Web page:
This dissertation is part of a growing research field in which the heterogeneity of economic actors is incorporated. It bundles four studies that consider the measurement, dynamics and implications of heterogeneous beliefs in financial markets, using a variety of datasets. The studies show that investors are not only heterogeneous, they also do not use stable, unconditional, forecasting rules to form their expectation on future movements of financial markets. Instead, they may change the way they form expectations based on various factors, such as the past performance of different forecasting rules or the horizon for which they form their expectations. The dynamics between the different types of investors can cause periods of severe mispricing and disruption of financial markets. Survey datasets that contain analysts’ forecast are important tools to unravel investor expectation mechanisms and dynamics that can otherwise not always be directly observed in the data. They can also reveal why investors sometimes disagree more with each other than at other times and how these underlying reasons can be of crucial importance for market dynamics.Symbolic Multidimensional Scaling
http://repub.eur.nl/pub/78189/
Wed, 27 May 2015 00:00:01 GMT<div>P.J.F. Groenen</div><div>Y. Terada</div>
__Abstract__
Multidimensional scaling (MDS) is a technique that visualizes dissimilarities between pairs of objects as distances between points in a low dimensional space. In symbolic MDS, a dissimilarity is not just a value but can represent an interval or even a histogram. Here, we present an overview of developments for symbolic MDS. We discuss how interval dissimilarities they can be represented by (concentric) circles or rectangles, how replications can be represented by a three-way MDS version, and show how nested intervals of distances can be obtained for representing histogram dissimilarities. The various models are illustrated by empirical examples.Subjective Truths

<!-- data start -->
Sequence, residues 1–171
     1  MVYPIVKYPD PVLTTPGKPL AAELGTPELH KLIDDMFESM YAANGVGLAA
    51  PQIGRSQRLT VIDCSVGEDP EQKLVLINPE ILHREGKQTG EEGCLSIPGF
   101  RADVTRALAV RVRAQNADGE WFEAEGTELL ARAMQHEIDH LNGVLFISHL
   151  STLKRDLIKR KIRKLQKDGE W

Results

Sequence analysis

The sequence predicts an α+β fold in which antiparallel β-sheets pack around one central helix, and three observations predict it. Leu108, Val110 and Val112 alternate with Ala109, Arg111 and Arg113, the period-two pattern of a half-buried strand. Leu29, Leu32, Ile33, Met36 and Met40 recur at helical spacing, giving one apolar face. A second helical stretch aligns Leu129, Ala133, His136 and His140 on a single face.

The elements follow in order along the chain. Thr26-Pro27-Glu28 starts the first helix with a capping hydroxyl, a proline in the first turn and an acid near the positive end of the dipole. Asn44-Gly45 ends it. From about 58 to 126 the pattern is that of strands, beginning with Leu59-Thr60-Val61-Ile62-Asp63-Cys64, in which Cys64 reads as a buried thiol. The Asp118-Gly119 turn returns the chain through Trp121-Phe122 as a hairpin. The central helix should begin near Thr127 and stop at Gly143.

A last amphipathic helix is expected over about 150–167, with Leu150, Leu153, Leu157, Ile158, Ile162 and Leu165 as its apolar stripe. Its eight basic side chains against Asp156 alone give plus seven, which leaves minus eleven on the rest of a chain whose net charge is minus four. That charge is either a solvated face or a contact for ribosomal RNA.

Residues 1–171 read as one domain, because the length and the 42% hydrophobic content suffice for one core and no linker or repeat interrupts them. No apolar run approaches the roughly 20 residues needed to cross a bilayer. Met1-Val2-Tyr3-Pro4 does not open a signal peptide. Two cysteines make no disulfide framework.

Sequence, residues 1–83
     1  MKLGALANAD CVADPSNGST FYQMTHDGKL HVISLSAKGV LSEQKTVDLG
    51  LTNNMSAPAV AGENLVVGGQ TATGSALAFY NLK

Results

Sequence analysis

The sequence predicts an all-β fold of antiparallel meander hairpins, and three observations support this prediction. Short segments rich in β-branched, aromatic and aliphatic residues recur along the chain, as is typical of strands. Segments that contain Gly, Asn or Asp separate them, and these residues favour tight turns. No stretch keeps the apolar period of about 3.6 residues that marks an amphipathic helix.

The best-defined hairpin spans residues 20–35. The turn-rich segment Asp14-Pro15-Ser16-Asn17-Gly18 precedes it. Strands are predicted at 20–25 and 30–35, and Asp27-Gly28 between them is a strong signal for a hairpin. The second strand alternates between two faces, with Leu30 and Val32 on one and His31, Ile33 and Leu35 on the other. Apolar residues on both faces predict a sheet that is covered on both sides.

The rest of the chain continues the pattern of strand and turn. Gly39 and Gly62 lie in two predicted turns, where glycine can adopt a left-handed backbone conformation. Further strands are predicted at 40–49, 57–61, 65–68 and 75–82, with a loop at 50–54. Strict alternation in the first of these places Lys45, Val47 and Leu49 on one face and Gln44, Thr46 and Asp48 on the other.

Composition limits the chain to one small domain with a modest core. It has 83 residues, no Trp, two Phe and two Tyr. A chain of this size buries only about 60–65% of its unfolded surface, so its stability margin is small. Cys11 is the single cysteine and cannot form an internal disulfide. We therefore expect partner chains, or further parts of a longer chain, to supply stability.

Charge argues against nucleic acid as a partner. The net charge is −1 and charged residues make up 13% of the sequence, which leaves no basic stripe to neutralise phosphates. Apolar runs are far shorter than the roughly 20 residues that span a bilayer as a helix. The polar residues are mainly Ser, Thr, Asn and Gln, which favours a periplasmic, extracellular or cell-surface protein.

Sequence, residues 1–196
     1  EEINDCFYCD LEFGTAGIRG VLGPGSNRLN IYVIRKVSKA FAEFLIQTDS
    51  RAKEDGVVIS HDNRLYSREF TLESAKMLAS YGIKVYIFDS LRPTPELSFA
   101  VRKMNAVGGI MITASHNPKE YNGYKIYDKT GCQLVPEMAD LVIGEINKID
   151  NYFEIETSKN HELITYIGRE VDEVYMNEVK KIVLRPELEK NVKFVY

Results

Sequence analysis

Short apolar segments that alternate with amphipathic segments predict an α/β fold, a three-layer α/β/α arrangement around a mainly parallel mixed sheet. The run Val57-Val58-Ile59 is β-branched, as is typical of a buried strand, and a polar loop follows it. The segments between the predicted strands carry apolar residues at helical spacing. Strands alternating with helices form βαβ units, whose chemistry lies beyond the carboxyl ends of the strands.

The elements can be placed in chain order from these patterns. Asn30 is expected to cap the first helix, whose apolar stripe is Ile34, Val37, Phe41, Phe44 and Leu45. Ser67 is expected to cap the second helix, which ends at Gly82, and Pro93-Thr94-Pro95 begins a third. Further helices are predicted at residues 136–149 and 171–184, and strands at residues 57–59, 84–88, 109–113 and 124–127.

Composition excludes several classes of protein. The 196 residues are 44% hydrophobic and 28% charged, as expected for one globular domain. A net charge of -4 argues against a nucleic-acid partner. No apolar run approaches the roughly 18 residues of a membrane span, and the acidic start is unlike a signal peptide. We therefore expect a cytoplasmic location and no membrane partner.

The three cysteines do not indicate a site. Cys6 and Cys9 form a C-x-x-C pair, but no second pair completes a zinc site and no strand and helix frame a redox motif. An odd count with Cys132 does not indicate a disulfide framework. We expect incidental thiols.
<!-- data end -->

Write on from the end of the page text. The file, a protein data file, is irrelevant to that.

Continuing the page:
http://repub.eur.nl/pub/78157/
Fri, 22 May 2015 00:00:01 GMT<div>A. Baillon</div>
__Abstract__
On the one hand, economists heavily rely on hard numbers: GDP, growth rate, and exchange rates. On the other hand, their explanations often rely on soft factors: executive confidence in the economy, consumer sentiment, and investor expectations. The hard numbers are objective, but the soft factors are subjective and depend on each individual. Economists increasingly recognize the need to study subjective factors.
The first part of the lecture illustrates the key role of subjective truths in modern economics. For instance, measures of subjective well-being are now being proposed to replace or at least complement GDP. Economic policies often rely on subjective forecasting by experts. The second part of the lecture will show that even though they are subjective, the soft factors can still be studied objectively. We will see how to incentivize people to reveal their expectations about future events but also their confidence in their expectations. Finally, I will show how to make people reveal truths that are completely unverifiable.Empirical Studies on the Economic Impact of Trust
http://repub.eur.nl/pub/78159/
Thu, 21 May 2015 00:00:01 GMT<div>R. de Bliek</div>
__Abstract__
Generally speaking, would you say that most people can be trusted, or that you cannot be too careful when dealing with strangers?” This survey question is frequently asked to thousands of individuals globally. The aim of this question is to obtain a measure for how trusting individuals are towards people they do not know, but with whom they nonetheless interact. This thesis shows that trust has substantial economic consequences.
Currently, in economics trust is often disregarded. It is difficult to reconcile trusting behavior with the classical view of ‘economic man’ as a completely rational, self-interested being. This thesis includes four studies where this behavioral assumption does not hold, however. In fact, they show that more trust is better in various dimensions. From individual income and the location decision of multinational firms to the productivity and technological development of countries: trust matters. Each study identifies how trust generates economic value, and how large the effect of trust is. Furthermore, the development of trust is modeled to explain why there exist such large differences in trust levels between individuals, regions and countries.